Link: GAO Opinion
Agency: Department of Justice
Disposition: Protest sustained.
Keywords: Blanket purchase agreement, Meaningful discussions
General Counsel P.C. Highlight: When an agency engages in discussions with a vendor, the discussions must be “meaningful,” that is, sufficiently detailed to lead the vendor into the areas of its quotation requiring amplification or revision.
In response to the establishment, by the Department of Justice, of a blanket purchase agreement (BPA) with Privasoft Corporation, AINS, Inc. protested to the GAO arguing that DOJ’s evaluation of quotations was unreasonable and lacking in even-handedness and that there was a failure to conduct meaningful discussions. Following a request for quotations by DOJ, and a series of protests and reevaluations, Privasoft was selected to receive the BPA for an automated Freedom of Information Act system and related services.
After receiving initial quotes, the DOJ issued a series of requests to each offeror for additional information, including a request that AINS submit a new project schedule. DOJ did not explain that it believed that AINS’s project schedule was unattainable. Despite remedying some of the flaws in its proposal, AINS’s resubmitted proposal still contained certain weaknesses. Further, the evaluators concluded that, even though Privasoft’s proposal was at a higher price, that the superiority of Privasoft’s product and technical approach outweighed the price differential.
In response to the award of the BPA to Privasoft, AINS protested by arguing that the evaluators failed to conduct meaningful discussions by failing to advise that they considered the schedule to be overly aggressive. GAO noted that, in order for discussions to be meaningful, they must be sufficiently detailed to lead the offeror into the areas of the quotation that require amplification or revision. The facts of this record indicate that while DOJ requested a new schedule from AINS, this was not a sufficient effort on behalf of the evaluators to indicate to AINS that its schedule was too aggressive. As such, GAO agreed with AINS on its claim regarding the lack of meaningful discussions and sustained AINS’s protest on unequal discussions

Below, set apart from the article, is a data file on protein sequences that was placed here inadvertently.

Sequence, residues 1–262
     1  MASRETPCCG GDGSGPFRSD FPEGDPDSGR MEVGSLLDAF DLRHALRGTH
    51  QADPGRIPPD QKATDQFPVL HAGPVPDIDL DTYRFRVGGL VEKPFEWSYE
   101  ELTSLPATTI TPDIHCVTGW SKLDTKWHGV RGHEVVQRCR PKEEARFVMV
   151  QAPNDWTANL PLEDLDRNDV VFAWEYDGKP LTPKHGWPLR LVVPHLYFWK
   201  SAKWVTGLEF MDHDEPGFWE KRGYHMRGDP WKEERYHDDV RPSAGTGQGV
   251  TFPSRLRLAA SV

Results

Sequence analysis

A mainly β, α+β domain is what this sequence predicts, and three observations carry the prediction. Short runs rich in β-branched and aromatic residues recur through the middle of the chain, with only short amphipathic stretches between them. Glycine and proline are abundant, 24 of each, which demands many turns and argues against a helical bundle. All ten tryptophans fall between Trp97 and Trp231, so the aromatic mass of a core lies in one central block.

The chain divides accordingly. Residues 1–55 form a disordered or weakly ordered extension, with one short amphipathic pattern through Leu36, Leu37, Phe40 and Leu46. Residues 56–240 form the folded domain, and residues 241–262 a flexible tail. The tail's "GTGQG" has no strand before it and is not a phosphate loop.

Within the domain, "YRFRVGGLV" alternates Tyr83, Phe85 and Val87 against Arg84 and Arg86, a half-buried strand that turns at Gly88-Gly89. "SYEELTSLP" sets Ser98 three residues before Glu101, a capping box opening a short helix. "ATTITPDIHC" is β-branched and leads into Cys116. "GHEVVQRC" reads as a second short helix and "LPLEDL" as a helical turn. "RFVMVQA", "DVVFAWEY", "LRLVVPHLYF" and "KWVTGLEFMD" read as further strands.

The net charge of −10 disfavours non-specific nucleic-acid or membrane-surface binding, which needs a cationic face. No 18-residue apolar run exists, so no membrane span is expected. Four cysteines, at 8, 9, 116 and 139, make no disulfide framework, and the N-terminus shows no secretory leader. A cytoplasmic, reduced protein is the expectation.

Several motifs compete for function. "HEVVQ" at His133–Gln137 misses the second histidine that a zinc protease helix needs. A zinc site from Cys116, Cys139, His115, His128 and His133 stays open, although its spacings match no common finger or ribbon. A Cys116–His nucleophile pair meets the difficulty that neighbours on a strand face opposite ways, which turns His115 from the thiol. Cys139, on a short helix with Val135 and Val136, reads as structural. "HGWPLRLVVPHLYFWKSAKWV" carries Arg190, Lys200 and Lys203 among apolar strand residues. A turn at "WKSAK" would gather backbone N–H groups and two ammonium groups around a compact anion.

AINS also challenged DOJ’s evaluation of its quotation as being unreasonable and asserted that DOJ was not even-handed in its assessment. Here, GAO again agreed with AINS, finding that several areas of its evaluation were not consistent in how it rated each quotation. In particular, AINS pointed to DOJ finding AINS’s reduction of level of effort as inadequate. Because the evaluators seemingly did not rely on any other evidence in determining this adequacy beyond merely noting a reduction in level of effort from its initial quotation to its final quotation, this was an improper determination. Additionally, AINS also argued that DOJ’s evaluators unequally assigned ratings to its quotation and that of Privasoft based on a series of technical matters related to the software. Again, GAO agreed with AINS by analyzing the steps taken by the evaluators in judging the product evaluation factor and determining that the weight and rationale behind the evaluators’ treatment of the two quotations was varied.
Based on its agreement with both of AINS’s arguments, GAO sustained the protested and recommended that DOJ reopen discussions as appropriate, reevaluate proposals, and make a new source selection decision.